In the wake of the coronavirus crisis, prom is canceled, graduation is postponed, and millions of students have been forced to do their schoolwork at home in an attempt to keep up with their studies. Even with technology at their fingertips, remote learning isn’t always easy — but like many adults who are newly working from home, students are suddenly forced to figure it out.
We spoke to a handful of high school and college students about their new routines and necessities for surviving school from home — SFH — amid these uncertain times. And while the stress of adapting to an altered reality is undeniable, there’s always a silver lining. “The one thing that is helping me get through this new school situation,” says 11-year-old Ella Ehrlich, “is now I can text my mom to bring me food whenever I want, and I couldn’t do that before.” Beyond on-demand snacks, here’s everything else helping young people SFH.
Despite studying going completely digital, students are trying to maintain a somewhat normal school schedule. In order to stay on top of their workload, many of the students we spoke to are turning to paper notebooks and planners. Thirteen-year-old Sophia Paley and her sister both recently ordered Ban.do planners to get them through the rest of the school year. (They’re also fans of the brand’s vibrant desk supplies, they say.)
Twenty-year-old Wen Hsiao is fond of her Moleskine Classic 12 Month 2020 Weekly Planner. “What I’ve been struggling the most with schooling from home is finding motivation,” she says. “The lack of routine really throws me off my game — even when I try to plan out my day each morning, I always find myself wasting the day away on endless episodes on Netflix. By writing down each task, it gives me something tangible to refer back to, and I love the feeling of checking off each task at the end of the day.”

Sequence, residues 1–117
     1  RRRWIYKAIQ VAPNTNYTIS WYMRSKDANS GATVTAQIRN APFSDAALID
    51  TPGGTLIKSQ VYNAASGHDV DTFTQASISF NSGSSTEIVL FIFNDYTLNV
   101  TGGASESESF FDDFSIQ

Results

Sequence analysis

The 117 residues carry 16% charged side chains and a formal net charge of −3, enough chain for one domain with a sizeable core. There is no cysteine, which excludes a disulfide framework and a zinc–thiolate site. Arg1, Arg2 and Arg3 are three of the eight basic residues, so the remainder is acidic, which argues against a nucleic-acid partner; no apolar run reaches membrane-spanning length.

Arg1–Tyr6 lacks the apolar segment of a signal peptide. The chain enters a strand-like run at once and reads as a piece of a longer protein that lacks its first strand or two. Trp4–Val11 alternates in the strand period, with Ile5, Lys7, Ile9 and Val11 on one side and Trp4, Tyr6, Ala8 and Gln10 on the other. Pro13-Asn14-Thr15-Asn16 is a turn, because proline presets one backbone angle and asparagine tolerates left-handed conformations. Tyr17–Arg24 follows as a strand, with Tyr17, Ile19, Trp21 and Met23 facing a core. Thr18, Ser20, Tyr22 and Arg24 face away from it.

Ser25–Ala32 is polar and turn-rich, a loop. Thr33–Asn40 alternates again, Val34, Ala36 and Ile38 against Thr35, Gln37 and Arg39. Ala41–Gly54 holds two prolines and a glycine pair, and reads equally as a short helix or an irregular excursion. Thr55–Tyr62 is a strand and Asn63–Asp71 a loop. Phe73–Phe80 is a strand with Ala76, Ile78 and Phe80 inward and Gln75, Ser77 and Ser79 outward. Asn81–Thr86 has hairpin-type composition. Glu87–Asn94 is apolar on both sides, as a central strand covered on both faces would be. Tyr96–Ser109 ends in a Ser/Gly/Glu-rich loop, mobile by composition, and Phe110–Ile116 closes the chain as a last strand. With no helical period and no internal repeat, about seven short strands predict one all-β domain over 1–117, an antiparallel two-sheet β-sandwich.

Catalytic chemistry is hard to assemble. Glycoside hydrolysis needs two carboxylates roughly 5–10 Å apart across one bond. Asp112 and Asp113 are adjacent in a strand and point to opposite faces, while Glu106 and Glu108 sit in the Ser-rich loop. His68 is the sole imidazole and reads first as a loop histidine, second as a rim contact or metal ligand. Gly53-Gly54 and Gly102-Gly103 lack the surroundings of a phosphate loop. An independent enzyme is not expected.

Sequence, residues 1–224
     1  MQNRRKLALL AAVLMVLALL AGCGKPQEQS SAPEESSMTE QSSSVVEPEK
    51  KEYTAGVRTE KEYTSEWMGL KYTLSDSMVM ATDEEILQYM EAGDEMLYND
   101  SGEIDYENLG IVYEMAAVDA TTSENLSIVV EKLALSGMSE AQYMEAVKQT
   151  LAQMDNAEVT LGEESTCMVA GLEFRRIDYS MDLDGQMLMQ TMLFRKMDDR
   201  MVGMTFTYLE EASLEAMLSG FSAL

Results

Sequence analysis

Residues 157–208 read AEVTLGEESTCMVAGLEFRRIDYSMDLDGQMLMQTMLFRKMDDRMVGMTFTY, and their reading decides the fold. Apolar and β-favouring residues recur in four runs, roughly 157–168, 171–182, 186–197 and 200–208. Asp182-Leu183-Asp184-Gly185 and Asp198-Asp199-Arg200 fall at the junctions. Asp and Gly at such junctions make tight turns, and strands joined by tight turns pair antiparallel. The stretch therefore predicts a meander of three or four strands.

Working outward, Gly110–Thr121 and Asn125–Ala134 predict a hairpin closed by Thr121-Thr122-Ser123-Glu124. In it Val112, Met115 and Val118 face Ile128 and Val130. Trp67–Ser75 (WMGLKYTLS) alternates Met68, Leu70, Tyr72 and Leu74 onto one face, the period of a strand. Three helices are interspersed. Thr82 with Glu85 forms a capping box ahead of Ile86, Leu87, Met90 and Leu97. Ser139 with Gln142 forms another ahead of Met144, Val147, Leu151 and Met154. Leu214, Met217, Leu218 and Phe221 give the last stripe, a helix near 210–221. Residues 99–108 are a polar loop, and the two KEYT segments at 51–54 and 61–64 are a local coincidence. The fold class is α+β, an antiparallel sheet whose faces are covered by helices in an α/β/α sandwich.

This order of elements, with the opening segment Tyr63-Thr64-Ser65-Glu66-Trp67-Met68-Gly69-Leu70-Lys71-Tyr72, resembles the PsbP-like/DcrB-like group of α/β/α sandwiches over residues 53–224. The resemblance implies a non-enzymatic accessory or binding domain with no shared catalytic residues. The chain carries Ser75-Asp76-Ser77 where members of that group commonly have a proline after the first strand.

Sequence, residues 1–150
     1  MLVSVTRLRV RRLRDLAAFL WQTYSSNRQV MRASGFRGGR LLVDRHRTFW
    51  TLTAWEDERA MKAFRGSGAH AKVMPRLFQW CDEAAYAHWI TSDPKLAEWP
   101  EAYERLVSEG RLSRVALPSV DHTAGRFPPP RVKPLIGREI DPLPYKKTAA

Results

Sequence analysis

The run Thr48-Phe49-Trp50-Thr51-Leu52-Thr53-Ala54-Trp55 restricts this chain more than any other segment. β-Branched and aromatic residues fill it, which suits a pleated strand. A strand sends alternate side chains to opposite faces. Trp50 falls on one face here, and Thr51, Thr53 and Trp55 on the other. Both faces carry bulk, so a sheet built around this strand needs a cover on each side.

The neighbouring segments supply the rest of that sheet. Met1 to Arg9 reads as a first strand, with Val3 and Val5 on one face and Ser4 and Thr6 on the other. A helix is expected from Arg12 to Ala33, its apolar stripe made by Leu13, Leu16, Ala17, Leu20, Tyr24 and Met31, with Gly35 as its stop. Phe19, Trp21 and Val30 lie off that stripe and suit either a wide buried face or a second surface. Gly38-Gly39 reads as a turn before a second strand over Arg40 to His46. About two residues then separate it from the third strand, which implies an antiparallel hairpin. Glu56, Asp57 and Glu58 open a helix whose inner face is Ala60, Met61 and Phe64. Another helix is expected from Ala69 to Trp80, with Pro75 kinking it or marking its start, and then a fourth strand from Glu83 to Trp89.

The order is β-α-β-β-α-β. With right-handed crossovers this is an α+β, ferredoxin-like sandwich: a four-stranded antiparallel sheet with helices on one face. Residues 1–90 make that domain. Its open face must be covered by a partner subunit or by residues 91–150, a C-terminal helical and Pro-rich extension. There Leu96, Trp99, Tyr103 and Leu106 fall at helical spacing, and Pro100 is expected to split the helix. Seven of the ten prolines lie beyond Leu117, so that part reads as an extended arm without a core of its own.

When you’re multitasking between Zoom calls, homework deadlines, and unloading the dishwasher for mom, wireless headphones can be a lifesaver. “Usually I’m not a big headphones fan, but schooling from home and enduring classes on Zoom calls for a pair of good-quality headphones,” says Hsiao. “Wearing wireless headphones means I don’t have to worry about them falling out of my ears like AirPods, and it allows me to do minor chores at home while still being ‘wired in’ for school.”
When you’re stuck inside doing schooling from home, it can feel a little suffocating to be tied to your phone and laptop 24/7. For Hsiao, Chromecast, Google’s streaming device, has been a game-changer for making her feel less confined. “By having [schooling] on a larger screen, I am not restricted to my desk and chair and can move around my room and stretch a little,” she says. She does warn that “if you don’t have the best internet connection, it will fail on you from time to time, so keep that in mind.”
“I use this app because it helps me keep up with French,” says 15-year-old Ava Paley, Sophia’s sister. Now that she’s transitioned to online learning, “I’ll be using this for practicing reading, writing, and speaking,” she says. Duolingo’s quick lessons are intended to make learning a foreign language feel interactive, as if you’re actually in an IRL class.
When she’s not working on homework, Sophia says “something that’s keeping me occupied is drawing.” She likes drawingnow.com, “because the website shows how to draw whatever you want, from cartoons to doodles to animals,” and there are step-by-step pictures with explanations. But when she wants to go analog — and take a break from screens — Sophia likes to draw with these Caran D’ache colored pencils.